Frost flowers can be very beautiful. This is one we saw near the Elwha River almost four years ago. It was one of more than a dozen frost flowers we saw at that location, and the most picturesque. It was the first time we had ever seen them, and the conditions at the old campsite must have been perfect to have so many in one spot.

Symmetrical frost flower (actually looks flower-like)
Frost flower taken 1/3/2015 near the Elwha River

Out and About

This weekend was a bit of a bustle.

I had a friend’s holiday open house on Saturday — in Black Diamond, almost three hours away! — so I combined that with a work visit to SeaTac and a visit to Mom and Dad.

Living out here has required some adjustments. To avoid missing out, I have to commit to doing things in spite of the drive; to avoid killing myself, I have to be sensible about minimizing trips.

It worked out well. I had a nice little visit with Mom and Dad, including a nice walk down to Titlow Park before heading to the open house on Saturday.

Cormorants at Titlow Beach

Here, cormorants hang out their wings to dry. Unlike most shore birds, they don’t have oil to keep their feathers dry.

Old Man in the Mist

It was a very misty day here, which really set the Old Man off nicely.

The “Old Man” is a plum tree that faces our house. We think he is probably almost as old as the house, so likely going on 100.

He is wonderfully gnarled and covered with lichen, and in August he bears lovely little golden plums.

Persistence

The garden has mostly lapsed into its winter slumber. The final holdout is humble borage, beloved of bees and hummingbirds.

November Borage

Borage is not flashy. Its flowers are unusual, but you have to look closely to appreciate them. However, they start blooming in April here, and I fully expect a few of these hardy plants to be blooming at the start of December.

Given the importance of persistence in both writing and life in general, I aspire to be not like the lovely lilies or roses, but like the borage.

A little odd, but giving sustenance in lean times, and enduring until the very snows.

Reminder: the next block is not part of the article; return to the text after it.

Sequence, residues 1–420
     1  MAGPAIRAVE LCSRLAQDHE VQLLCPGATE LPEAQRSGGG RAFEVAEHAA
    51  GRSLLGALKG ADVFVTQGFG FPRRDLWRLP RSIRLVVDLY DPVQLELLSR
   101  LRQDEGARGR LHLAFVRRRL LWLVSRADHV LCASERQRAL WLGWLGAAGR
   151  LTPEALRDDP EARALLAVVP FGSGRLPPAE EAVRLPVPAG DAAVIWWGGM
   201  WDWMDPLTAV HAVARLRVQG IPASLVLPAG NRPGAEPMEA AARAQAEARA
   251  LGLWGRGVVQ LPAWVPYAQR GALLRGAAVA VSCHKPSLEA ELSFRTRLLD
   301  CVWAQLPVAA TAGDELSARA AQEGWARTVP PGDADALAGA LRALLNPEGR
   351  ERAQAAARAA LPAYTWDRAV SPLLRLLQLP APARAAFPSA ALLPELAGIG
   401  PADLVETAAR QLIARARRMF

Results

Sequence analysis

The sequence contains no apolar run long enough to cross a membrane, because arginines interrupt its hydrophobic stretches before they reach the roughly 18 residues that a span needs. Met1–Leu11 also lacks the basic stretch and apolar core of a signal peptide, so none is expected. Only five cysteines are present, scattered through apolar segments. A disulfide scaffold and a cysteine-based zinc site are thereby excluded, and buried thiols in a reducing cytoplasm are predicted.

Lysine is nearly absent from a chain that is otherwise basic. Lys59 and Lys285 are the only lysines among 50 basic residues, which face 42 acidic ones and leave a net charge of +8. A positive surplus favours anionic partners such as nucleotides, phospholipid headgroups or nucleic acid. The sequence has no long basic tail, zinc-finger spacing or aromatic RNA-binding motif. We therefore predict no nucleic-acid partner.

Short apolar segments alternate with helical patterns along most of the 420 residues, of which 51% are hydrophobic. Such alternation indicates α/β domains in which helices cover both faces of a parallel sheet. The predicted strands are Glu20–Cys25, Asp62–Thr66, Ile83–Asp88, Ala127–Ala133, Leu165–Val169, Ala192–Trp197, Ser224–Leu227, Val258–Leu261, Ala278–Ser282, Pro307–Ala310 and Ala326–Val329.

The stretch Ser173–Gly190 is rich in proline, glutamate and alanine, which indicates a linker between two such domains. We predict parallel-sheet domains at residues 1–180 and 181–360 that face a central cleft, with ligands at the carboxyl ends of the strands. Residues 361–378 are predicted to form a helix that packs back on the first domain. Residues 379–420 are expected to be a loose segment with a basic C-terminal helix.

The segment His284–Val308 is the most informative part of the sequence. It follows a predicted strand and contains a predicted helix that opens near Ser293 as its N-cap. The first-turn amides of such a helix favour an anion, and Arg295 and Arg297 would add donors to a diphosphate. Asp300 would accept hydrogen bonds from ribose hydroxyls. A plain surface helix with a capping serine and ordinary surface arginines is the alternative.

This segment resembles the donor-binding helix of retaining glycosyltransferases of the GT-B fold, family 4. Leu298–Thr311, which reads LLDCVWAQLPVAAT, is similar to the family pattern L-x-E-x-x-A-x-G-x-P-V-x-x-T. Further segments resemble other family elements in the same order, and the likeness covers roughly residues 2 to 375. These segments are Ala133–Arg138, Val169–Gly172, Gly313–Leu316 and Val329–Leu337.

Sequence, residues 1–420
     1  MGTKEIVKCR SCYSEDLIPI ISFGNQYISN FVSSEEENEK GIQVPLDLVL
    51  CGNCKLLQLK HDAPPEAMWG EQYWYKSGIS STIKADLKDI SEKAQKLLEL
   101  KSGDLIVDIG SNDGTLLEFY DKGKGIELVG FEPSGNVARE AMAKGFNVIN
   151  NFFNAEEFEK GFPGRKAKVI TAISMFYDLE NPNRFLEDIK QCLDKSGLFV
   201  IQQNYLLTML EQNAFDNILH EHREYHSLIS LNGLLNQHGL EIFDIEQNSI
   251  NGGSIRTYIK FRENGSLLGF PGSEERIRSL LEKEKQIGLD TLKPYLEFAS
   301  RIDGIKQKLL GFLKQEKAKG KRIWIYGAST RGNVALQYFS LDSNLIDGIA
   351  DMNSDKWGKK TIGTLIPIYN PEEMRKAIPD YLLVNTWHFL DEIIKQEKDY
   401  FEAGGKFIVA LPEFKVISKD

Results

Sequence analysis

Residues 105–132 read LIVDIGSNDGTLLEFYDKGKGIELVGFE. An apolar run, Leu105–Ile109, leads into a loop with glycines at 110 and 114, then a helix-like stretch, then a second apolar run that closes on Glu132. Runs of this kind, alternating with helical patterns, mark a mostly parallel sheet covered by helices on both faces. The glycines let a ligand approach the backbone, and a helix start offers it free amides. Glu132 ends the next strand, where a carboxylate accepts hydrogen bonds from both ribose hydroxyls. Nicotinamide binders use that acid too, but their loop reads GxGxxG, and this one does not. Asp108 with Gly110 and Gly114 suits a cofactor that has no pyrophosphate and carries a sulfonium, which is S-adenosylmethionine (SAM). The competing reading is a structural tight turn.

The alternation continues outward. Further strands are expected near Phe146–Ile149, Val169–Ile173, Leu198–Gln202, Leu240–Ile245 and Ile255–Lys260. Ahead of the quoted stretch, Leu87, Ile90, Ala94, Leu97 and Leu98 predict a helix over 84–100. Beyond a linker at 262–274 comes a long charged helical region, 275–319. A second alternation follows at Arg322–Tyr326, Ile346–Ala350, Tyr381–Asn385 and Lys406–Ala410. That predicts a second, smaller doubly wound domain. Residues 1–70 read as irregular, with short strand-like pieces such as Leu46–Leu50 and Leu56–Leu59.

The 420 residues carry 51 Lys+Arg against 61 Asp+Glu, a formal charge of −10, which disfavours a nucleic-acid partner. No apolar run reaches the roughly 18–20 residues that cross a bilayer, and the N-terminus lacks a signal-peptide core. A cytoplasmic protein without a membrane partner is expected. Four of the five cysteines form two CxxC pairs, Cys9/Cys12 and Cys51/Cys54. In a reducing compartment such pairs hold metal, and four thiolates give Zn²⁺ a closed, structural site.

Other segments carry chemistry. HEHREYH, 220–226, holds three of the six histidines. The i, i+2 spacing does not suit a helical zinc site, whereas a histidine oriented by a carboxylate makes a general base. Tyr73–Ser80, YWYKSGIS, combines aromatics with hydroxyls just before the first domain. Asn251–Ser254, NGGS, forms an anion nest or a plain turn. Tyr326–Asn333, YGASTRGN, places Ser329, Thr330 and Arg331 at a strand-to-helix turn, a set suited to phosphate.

The Totality: Impressionistic

The landscape fell into shadow, as if night came in from all directions at once. The air grew chill.

The sun still blazed high — and then it was snuffed, a bottomless emptiness where it should have been, ringed with a feathered halo of white fire streaming away into a deep twilight sky.

Around the horizon was a pale band, as if the sun was rising from all directions at once.

This, then, was the end of the world.

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For a more complete and less evocative description of the eclipse, please go here.

Eclipse 2017

I was fortunate enough to see the eclipse totality yesterday. If you just want a descriptive sense of what the totality was like, go here.

My parents and I watched it from John Day National Monument in eastern Oregon. The park service had mown a field to accommodate all the visitors.

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Fortunately for us, people didn’t hear about the parking area, or presumed it was full — there were a couple hundred cars in a field that could have held twenty times as many.

The Eclipse

Without the eclipse glasses, we wouldn’t have been able to tell anything was going on until the sun was 3/4 covered. At that point it got a little dim, as if there were a high haze.

I honestly don’t think that I would have remarked it until the sun was about 90% covered. At that point the whole landscape started to dim into twilight, and there was a little nip to the air.

At 98% it was notably twilight, but you still wouldn’t have been able to directly see what was going on with the sun — without the eclipse glasses.

Though the glasses we watched a fine sickle reduce to a line, then a dot.

Then….

Gone.

The Totality

This is the sight the has stopped wars and ended reigns.

It is truly amazing.

The whole sky was a deep twilight, but not black.

There was the blackest of black circles where the sun should have been, with a streaming pale halo wisping off in all directions.

All around it was a deep twilight, but there was a band of pale light around the horizon — as if dawn would be coming in another half hour or so.

The otherworldly look lasted about two minutes for us — then the light started beading at the edge.

And the light returned.

The Totality: Impressionistic

 

Go here for a more evocative description.

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Comment on Eclipse Photos

There are much better photos of the eclipse itself — but I wanted to note that even the best of the eclipse photos don’t truly capture what I saw.

In even the best eclipse photos, the surrounding sky is too dark (often completely black), and the light is too bright and crisp-looking.

I think the issue is that the corona is too bright relative to the rest of the light.

I hope you get to see a totality in person some day, because as with so many things in life, the photos don’t do it justice.